Skip to main content

Pay Beds

Volume 975: debated on Monday 10 December 1979

The text on this page has been created from Hansard archive content, it may contain typographical errors.

asked the Secretary of State for Social Services what would be the cost to the National Health Service of abolishing the remaining private pay beds.

If the remaining pay beds were abolished, the NHS would lose the income from charges, estimated at about £31 million (England only) in the current financial year. The net loss would depend on how the NHS used any staff resources and facilities thereby available for non-paying patients.

asked the Secretary of State for Social Services what is his Department's estimate of the loss of revenue to the National Health Service as a result of the phasing out of pay beds from the National Health Service in each of the following financial years 1976–77, 1977–78 and 1978–79.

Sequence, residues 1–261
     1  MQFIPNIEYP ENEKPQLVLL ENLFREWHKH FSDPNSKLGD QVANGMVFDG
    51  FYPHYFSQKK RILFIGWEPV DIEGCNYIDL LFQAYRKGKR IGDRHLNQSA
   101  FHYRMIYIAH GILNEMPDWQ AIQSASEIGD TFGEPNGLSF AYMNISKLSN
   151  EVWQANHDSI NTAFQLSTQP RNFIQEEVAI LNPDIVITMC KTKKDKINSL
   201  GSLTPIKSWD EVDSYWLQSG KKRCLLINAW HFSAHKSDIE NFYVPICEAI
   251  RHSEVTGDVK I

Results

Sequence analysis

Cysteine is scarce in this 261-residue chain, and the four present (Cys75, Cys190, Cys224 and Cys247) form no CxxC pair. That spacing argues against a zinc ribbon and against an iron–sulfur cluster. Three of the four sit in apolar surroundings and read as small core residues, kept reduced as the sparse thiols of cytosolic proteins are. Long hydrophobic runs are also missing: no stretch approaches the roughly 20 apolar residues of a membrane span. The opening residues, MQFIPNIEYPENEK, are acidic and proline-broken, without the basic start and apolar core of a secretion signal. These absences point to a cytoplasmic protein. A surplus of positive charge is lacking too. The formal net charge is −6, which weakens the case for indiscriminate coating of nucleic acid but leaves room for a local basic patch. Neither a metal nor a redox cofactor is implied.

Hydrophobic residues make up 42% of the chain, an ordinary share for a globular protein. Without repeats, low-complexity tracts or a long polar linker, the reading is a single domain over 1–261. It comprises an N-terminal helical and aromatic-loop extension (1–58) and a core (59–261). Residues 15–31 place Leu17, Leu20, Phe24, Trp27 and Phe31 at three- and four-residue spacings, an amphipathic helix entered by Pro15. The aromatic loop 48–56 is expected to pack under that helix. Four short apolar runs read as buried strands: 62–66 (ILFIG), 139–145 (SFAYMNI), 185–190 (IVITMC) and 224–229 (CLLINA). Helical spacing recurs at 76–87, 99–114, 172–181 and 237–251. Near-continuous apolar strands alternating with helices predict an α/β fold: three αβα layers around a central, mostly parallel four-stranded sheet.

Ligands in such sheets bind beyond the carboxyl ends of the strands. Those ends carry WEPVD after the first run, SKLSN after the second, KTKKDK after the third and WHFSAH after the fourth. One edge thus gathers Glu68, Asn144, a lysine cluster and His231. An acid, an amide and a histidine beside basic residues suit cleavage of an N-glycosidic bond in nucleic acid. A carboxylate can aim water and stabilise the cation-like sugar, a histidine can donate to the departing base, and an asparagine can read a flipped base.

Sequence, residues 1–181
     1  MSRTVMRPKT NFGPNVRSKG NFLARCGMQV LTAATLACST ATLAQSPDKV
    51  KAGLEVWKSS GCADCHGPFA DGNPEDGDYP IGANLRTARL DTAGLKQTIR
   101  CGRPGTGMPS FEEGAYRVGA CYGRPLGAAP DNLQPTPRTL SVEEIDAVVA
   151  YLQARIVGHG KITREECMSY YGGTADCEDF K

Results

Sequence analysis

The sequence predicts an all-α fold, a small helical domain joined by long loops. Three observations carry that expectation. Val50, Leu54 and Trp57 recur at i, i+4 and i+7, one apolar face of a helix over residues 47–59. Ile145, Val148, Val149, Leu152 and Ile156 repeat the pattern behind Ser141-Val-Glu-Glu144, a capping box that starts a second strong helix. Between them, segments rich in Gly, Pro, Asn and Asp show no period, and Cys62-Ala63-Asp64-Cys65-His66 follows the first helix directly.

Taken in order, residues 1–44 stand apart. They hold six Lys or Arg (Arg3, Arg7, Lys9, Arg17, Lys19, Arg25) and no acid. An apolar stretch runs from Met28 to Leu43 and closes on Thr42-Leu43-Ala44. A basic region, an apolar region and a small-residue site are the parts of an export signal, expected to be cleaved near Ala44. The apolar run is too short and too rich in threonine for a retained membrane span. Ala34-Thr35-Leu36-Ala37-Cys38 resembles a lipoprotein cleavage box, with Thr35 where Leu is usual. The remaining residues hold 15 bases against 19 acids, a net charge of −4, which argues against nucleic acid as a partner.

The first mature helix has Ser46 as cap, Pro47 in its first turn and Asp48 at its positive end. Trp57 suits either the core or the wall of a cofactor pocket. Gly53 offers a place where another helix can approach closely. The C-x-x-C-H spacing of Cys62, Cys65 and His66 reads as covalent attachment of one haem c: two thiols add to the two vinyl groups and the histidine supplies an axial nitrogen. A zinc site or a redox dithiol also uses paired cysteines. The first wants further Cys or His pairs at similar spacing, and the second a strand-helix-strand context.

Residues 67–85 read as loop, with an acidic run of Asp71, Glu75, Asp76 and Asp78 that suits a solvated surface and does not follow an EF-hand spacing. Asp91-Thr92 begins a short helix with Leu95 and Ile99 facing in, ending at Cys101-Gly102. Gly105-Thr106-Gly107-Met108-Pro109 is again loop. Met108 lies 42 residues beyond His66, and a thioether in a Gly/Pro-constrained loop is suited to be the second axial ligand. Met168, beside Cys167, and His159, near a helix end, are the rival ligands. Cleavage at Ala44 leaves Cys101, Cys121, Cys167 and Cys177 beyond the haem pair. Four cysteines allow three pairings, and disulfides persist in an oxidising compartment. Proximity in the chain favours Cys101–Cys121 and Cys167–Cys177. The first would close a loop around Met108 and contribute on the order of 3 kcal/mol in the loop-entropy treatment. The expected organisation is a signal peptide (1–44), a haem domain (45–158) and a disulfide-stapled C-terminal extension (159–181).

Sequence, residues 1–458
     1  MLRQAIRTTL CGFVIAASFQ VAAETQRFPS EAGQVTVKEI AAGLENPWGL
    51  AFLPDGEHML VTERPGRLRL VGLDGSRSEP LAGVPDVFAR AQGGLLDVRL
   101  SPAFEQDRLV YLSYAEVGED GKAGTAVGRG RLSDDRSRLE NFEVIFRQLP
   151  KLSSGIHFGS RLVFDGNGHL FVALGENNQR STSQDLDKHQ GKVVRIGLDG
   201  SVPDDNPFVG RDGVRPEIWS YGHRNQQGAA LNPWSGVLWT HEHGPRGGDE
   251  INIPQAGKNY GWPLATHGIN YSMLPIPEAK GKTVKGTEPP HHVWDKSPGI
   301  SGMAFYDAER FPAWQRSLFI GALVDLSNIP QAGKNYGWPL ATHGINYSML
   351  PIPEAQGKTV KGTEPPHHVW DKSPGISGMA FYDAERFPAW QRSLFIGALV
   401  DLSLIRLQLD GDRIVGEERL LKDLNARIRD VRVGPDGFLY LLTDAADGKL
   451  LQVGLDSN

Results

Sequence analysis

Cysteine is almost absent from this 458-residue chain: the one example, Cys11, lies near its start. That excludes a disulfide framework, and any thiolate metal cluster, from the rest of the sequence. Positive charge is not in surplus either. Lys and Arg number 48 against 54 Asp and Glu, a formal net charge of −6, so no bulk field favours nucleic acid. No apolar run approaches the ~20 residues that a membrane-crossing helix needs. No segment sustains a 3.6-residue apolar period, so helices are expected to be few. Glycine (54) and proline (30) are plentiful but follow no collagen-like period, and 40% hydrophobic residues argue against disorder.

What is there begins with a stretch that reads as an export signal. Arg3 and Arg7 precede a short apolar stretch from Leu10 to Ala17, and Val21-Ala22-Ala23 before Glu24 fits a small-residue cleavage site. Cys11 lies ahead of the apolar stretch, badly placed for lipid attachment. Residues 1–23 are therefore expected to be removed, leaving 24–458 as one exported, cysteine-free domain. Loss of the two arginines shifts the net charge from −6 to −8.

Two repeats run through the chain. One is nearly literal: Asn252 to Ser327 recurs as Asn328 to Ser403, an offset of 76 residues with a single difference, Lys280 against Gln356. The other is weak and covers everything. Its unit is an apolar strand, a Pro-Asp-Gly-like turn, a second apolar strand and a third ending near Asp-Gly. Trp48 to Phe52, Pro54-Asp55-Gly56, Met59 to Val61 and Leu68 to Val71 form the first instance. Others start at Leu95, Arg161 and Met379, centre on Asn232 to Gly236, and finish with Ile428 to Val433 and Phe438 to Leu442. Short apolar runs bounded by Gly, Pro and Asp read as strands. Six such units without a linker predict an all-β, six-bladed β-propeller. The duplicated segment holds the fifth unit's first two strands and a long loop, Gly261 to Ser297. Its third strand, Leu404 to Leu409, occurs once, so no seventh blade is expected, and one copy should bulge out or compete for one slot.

Expressed at 1979–80 levels, pay bed income in England has declined as follows:

Income £ million
1975–7638·0
1976–7736·8
1977–7835·4
1978–7932·8
1979–80 (forecast)31·0
It is not possible to say what effect the phasing out of pay beds had. Over the period 1975–79, the number of pay beds fell from 4,150 to 2,189 but the number of private in-patients treated each year fell only from 96,288 to 92,242.